i.      Councillor Edward Smith (Cockfosters Ward Councillor) asked for reassurance that all documents required had been submitted and signed off. Esther Hughes clarified that SAG did not ‘sign off’ documentation but were an advisory body. Information required to be submitted had been received and had been gone through, but the documents were live and updates were also coming through: there was no deadline for the process.

j.      In response to a further query from Councillor Smith, the Police presence was confirmed as one Inspector, three Sergeants and 18 Police Officers. Silver Command would be on site on the day.

k.    In response to queries from Councillor Alessandro Georgiou (Cockfosters Ward Councillor), the powers of security personnel were confirmed and that they would be in contact with Police at all times to prevent disorder. If any disorder was identified it would be dealt with by by security and the Police. Security personnel were also welfare-conscious: anyone found to be intoxicated would be helped, with the medical providers, to sober up or assisted to get somewhere safely. There would be proactive work to identify intoxicated attendees and manage so they were not on the street bothering residents. Such nuisance would be minimised as much as possible. There were provisions to manage the numbers of people, including the stop / start system on egress, and the soft closure. There were the resources to redeploy staff as necessary. The crowd would be regularly monitored and a proactive approach undertaken to manage before any problems arose.

l.      Residents raised anti-social behaviour and public urination witnessed in residential streets around Cockfosters Road after previous events and that marshals had not acted to stop this. It was advised that this year there would be redeployment of additional security in those areas involving TfL taxi marshals, traffic company personnel and a number of security officers to ensure this did not happen. There would be manned barriers so residents could access locations but not festival goers. Further to the residents’ meeting, people would be prevented from sitting in the green areas at Westpole Avenue. Security had been discussed in depth and separate areas designated, with a manager each for Cockfosters North, Central, and South, and a solid team of security and traffic management personnel. This would reduce any disturbances. It was confirmed that each road would have one trained Chapter 8 overseer and a traffic marshal in place.


4.    The statements on behalf of the objectors, including:


a.    Councillor Edward Smith (IP12) advised that the basic concern of local residents and ward councillors was that, with its relatively small suburban station, this was not a suitable area for large events. Given this site’s unsuitability and the increase in numbers of attendees each year he would recommend consideration of alternative venues for the festival. The Chair advised that the comments would be minuted, but that this hearing was to determine the application received.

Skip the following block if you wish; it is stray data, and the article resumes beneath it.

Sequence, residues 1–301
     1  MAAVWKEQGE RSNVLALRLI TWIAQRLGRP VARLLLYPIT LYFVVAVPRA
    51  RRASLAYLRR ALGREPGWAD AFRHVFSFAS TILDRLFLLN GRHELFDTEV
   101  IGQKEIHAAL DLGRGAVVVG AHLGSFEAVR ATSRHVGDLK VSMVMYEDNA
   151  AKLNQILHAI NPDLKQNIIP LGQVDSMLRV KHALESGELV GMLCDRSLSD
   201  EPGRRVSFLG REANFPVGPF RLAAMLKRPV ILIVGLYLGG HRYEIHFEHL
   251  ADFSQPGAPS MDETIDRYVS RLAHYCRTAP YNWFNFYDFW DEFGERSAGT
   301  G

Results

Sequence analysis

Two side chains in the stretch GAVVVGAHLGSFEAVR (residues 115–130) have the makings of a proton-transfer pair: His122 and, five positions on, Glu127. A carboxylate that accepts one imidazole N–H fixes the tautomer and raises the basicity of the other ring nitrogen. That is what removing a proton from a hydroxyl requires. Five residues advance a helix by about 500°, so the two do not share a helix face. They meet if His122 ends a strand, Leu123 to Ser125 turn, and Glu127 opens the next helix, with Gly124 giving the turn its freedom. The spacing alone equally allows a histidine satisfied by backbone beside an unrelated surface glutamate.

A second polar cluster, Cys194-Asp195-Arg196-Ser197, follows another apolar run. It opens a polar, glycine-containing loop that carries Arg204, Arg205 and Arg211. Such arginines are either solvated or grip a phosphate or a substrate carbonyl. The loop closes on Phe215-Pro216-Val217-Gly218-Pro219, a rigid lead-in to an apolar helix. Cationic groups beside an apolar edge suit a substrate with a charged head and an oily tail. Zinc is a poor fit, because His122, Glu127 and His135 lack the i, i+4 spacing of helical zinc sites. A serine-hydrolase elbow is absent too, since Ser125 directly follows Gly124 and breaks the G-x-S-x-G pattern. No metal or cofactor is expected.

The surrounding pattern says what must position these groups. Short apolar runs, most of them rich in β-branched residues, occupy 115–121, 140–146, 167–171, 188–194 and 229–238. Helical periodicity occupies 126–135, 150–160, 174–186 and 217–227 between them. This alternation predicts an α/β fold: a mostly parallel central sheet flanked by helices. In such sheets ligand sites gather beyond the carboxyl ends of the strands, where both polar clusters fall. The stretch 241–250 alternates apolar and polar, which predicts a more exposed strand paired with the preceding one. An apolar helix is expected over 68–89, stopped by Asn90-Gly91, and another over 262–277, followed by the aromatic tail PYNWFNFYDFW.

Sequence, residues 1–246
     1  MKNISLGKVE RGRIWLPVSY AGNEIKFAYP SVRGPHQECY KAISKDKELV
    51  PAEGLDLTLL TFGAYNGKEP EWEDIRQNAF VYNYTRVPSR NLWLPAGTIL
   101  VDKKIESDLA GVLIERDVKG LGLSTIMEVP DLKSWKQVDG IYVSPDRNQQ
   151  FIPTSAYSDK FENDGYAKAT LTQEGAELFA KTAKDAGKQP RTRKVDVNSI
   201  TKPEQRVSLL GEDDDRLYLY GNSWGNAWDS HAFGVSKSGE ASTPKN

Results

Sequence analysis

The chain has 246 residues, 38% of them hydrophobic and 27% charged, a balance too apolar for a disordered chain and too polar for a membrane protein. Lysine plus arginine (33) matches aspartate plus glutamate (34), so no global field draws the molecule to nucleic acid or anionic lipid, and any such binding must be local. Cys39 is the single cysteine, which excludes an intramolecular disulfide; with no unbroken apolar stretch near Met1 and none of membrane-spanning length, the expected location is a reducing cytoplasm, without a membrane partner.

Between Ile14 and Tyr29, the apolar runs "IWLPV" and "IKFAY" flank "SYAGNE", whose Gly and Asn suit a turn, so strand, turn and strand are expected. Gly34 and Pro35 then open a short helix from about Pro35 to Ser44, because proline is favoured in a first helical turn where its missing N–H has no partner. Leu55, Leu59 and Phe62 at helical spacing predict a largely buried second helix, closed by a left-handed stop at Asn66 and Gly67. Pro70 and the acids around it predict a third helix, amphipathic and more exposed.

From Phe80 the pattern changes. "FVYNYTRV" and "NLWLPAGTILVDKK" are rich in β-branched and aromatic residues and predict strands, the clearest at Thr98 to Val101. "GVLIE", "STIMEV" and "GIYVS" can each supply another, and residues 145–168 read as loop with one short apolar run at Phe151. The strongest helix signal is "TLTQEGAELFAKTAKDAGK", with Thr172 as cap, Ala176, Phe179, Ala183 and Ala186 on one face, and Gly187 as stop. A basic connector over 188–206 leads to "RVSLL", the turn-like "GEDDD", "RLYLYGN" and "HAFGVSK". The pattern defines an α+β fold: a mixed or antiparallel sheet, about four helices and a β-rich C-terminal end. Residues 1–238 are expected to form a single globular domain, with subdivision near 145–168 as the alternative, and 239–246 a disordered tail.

b.    On behalf of Cockfosters Local Area Residents Association, Colin Bull (IP3) also stated that the site was unsuitable. A festival with attendees, often pre-loaded with alcohol, then able to drink for 11 hours was uncomfortable to live next to for local residents. Residents also had concerns there would be insufficient numbers of Police to deal with 17,000 people. Also the road closures during the event caused problems for residents, and there was no liaison with Barnet Council despite the ‘rat-run’ between the boroughs through these roads. In respect of noise, the organiser had worked constructively to make the event as painless as possible for residents, but there was still concern that the crowds were intimidating. There was a lot of illegal behaviour from festival attendees. If there were other issues arising, for example in the local minimarkets, Police would not be able to respond as it would paralyse their resources. It was understood that more experienced security personnel would be used this year, but residents had concerns about the balance of risk and about the Council’s philosophy in respect of events management: that the onus was on the operator and SAG was only advisory. The risks of something going wrong were unacceptable, and it should not be the approach to hold the operator accountable.

c.    Councillor Alessandro Georgiou (IP11) was also speaking on behalf of IP2. The holding of events in Trent Park such as Cancer Race for Life, Ghana Festival, etc was not objected to, but larger festivals such as ELROW and 51st State were too big for Cockfosters to withstand. Cockfosters Station was a small, suburban station and had seen disruption on the platforms on the previous occasion involving verbal abuse and intimidation. Cockfosters with its largely older population had suffered anti-social behaviour during the previous event including noise, public urination, drugs and alcohol abuse, and there were fears this would be repeated. The bond for damage to the park was also correlated in respect of drugs and inappropriate paraphernalia in Trent Park. There had not been enough Police last time and would not be enough this year. With the way Trent Park was structured and its entry and exit points, crowd densities could not be controlled and dispersed appropriately even with a soft closure. This application should be rejected as it did no good for the people of Cockfosters.